NUCOMINTERN is a website dedicated to the renewal of revolutionary politics, social justice activism, and grassroots organizing. We publish topical reporting, revolutionary theoretical analysis, and commentary on the arts and popular culture. If you would like to contribute to NUCOMINTERN... please email david.thurston78@gmail.com... all contributions are welcome! PEACE.LOVE.REVOLUTION @NUCOMINTERN

Monday, March 28, 2011


Six Feet Under
HBO, created by Allan Ball

Six Feet Under ended its fifth and final season on August 21, 2005.  The HBO series, created by Allan Ball the screenwriter of American Beauty, is built around the Fisher family and its Los Angeles funeral home.

The show began with the death of Nathaniel Fisher Sr. in a gruesome accident; it ended with the death of his eldest son Nate (Peter Krause) and with the family’s struggle with anger and loss.

Few would have thought that a show so centered on death, grief, and mortality could become so popular, moving, and often inspiring.  With breath-taking honesty, the show has grappled with the hypocrisy of conventional morality, the pain and conflict of family life, and both the joy and brutality of sexual relationships.

The show’s characters are often described as “dysfunctional.”   But the anger, pain, and trauma on vivid display are far more common than we are taught to admit.  Issues of mental health and substance abuse are confronted with a level of intensity and humanity that is sadly absent, not only from popular culture but in society as a whole.  The show confronts these taboos, which are all too often mere fodder for scandal, and conveys an understanding of choices and behaviors that are usually either ignored or demonized.

One of the show’s key contributions has been the way it has addressed issues of oppression.

Over the first two seasons, we watched David (Michael C. Hall) struggle to come out to his family and to deal with his own shame and guilt about being gay.  David and his partner Keith, played by Matthew St. Patrick, are developed as people, not stereotypes.  This might be the best portrait of gay life on television, in part because these two characters are integrated into a wider cast without the pretense of being iconically representative.

Six Feet Under gave us a striking range of compelling female characters.  Ruth Fisher, played by Frances Conroy, is a mother of three and the picture of maternal constriction and repressed emotion.  Married since she was 19, she grapples with regret at sacrificing broader life goals to marriage and family.

Given the pliant stereotypes that dominate the airwaves, it’s refreshing to see women on the show actively challenging sexism coming from men in their lives.  This is true of Ruth’s daughter Claire (Lauren Ambrose) and of Brenda (Rachel Griffith), who is Nate’s lover and partner for much of the show.  Brenda’s struggle with an abusive childhood and destructive emotional patterns is given admirable depth through the show’s five seasons.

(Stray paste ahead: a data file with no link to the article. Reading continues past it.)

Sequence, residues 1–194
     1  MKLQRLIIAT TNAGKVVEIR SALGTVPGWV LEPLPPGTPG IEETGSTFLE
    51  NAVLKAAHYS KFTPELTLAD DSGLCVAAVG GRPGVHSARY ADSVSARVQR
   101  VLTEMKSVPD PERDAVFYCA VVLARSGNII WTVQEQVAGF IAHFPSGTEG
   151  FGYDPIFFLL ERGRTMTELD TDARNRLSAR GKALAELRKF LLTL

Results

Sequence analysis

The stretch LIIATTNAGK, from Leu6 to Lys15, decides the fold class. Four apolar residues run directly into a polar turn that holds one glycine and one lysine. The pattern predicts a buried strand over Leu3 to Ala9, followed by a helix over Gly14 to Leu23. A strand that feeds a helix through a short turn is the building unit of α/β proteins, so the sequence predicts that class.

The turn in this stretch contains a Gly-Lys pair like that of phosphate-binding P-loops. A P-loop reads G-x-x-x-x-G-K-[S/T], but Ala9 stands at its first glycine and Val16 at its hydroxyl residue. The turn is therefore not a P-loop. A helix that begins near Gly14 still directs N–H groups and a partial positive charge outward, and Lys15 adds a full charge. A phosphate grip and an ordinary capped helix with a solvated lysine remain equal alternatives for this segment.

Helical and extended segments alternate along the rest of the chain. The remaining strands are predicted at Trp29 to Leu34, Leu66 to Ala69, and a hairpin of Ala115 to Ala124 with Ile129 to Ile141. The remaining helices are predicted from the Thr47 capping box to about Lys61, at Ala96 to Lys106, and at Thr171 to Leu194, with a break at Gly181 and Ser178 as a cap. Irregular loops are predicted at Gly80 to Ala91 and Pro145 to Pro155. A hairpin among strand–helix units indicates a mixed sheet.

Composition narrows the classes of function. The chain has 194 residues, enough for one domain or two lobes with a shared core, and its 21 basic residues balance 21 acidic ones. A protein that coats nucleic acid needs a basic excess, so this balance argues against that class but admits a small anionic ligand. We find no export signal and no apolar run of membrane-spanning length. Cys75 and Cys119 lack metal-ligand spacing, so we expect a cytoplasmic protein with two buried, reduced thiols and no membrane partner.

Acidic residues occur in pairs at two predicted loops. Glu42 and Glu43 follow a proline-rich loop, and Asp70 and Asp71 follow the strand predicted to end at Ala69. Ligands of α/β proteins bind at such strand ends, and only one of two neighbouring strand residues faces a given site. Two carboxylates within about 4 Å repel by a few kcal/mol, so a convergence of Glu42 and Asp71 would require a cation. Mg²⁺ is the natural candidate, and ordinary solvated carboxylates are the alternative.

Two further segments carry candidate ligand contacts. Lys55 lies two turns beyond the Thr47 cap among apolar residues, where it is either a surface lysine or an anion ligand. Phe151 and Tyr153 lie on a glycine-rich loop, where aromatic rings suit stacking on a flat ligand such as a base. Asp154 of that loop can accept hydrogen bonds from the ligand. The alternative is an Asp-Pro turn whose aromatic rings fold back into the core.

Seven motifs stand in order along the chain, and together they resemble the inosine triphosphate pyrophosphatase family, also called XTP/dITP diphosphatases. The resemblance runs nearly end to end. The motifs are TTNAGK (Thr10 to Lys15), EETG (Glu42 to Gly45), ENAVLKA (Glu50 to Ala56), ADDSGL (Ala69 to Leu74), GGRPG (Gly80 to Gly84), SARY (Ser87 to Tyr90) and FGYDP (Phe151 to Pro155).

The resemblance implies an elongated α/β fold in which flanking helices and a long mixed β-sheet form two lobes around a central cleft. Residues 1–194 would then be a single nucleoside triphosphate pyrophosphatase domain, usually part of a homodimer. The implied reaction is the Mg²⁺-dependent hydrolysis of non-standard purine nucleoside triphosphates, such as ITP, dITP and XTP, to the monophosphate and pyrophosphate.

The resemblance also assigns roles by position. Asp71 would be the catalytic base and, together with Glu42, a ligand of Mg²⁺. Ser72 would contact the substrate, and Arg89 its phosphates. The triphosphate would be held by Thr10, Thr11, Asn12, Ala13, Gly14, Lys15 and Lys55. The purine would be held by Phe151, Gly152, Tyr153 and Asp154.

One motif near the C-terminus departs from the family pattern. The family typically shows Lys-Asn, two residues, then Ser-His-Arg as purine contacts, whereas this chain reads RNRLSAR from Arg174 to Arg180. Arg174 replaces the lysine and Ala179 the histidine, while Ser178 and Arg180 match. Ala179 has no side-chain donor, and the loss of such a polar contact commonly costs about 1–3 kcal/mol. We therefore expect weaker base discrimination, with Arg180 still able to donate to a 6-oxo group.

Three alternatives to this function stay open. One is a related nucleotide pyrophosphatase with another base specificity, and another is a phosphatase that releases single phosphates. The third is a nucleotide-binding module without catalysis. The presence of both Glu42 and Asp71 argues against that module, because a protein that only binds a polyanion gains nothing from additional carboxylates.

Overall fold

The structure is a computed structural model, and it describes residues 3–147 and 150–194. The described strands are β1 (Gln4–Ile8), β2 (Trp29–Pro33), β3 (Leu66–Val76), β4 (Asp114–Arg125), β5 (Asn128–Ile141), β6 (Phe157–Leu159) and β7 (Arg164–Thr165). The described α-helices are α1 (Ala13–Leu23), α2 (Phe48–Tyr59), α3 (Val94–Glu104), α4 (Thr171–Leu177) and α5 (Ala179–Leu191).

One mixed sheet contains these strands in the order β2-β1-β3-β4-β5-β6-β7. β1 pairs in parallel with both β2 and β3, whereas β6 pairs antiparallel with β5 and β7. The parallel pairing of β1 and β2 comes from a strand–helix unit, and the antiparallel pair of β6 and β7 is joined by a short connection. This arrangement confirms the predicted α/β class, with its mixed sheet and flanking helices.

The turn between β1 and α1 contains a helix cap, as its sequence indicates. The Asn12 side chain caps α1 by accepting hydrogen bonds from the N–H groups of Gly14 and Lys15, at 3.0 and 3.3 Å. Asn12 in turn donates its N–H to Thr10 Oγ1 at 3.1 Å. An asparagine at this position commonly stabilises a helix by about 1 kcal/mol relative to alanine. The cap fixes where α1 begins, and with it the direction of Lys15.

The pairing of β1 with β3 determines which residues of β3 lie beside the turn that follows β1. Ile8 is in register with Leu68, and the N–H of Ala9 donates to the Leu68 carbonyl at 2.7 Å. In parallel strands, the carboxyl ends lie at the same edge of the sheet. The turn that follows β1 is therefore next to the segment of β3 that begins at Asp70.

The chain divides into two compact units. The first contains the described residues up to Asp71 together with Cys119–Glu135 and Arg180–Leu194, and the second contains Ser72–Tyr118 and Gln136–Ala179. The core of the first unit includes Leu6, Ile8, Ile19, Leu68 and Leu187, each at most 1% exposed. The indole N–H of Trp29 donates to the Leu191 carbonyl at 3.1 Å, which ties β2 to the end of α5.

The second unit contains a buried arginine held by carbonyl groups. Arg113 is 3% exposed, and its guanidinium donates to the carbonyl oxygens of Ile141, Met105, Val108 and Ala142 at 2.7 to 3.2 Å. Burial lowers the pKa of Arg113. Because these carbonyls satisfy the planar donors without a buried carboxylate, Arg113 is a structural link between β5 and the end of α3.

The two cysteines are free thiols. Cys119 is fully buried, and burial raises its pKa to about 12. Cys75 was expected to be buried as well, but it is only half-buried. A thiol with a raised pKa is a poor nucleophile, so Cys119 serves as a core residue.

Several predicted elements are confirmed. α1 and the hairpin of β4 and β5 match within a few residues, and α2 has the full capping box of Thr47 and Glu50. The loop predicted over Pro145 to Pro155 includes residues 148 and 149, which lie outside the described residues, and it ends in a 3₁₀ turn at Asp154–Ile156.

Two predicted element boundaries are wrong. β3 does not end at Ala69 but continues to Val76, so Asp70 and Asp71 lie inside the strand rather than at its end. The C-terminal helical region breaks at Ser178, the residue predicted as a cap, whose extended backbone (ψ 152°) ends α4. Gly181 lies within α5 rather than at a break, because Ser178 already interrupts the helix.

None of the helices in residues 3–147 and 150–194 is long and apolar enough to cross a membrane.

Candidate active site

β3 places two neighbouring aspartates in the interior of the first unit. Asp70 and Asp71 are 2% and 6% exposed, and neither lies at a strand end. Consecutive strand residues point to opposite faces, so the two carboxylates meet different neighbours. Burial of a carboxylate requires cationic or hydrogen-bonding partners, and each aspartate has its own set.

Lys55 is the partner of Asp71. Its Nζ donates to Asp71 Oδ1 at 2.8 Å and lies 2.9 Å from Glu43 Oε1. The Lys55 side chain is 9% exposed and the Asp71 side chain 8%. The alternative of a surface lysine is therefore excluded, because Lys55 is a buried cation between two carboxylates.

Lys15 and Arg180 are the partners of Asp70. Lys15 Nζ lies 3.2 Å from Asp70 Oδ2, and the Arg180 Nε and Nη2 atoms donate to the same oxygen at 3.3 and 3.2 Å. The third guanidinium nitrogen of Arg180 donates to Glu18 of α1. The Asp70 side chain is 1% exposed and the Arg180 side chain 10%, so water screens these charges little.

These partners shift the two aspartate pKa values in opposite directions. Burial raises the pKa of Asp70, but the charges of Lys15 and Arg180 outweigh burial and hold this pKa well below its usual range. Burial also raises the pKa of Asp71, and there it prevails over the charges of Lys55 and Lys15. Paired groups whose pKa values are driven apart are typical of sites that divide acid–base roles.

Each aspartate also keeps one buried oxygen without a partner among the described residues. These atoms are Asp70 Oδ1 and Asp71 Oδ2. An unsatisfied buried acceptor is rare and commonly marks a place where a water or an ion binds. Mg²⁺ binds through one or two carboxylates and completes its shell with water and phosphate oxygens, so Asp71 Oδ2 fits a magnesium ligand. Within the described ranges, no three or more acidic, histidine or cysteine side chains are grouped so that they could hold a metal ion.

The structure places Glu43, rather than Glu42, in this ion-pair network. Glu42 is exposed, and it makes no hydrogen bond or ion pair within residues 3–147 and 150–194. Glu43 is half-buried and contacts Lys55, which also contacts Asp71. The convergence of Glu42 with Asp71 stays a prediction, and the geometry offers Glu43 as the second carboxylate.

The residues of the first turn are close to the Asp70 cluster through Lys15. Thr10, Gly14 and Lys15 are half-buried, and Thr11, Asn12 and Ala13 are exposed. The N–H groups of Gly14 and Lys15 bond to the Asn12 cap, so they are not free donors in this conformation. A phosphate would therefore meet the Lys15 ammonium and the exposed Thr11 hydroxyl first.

The show also stands out in having a leading Latino character, Frederico Diaz (Freddy Rodriguez) who challenges some of the Fishers’ cultural blinders.

The show’s final season has been increasingly political, peppered with tirades against Bush and the war in Iraq.  In the finale, Claire begs her conservative boyfriend to go to Canada if “the corporate warmongers invade Iran and bring back the draft.”  A week before, we watched a veteran of the current war who has lost three limbs commit suicide with the help of his sister.

As a show about a funeral home, a constant theme of the show has been its examination of how we deal with death and the fact of our own mortality.  As Alan Ball put it recently, “In this culture we just sort of grieve quietly.  You don’t want to embarrass people with the big emotions.”  Six Feet Under has been the antidote to all of the repressive implications of these unspoken social rules.

The stunning final sequence of the finale is a montage of scenes from the characters’ futures, set against Claire leaving Los Angeles for New York to pursue photography.  The show projects the deaths of each of its main characters, which is riveting and painful for anyone who’s followed the show.  Yet as the sequence develops, we watch Claire grow confident about moving forward.

The message here has been a running theme—that by accepting the reality of death, loss, and grief, we can live our lives more fully in a world so full of hardship.

Six Feet Under’s intelligence, its humor, and its honesty will be missed.  Fortunately, this brilliant show is fully available on DVD.  Rent it or buy it for a show that will make you laugh when it makes you cry—a show that poses critical questions about society, family, love, and life that demand to be answered.

No comments:

Post a Comment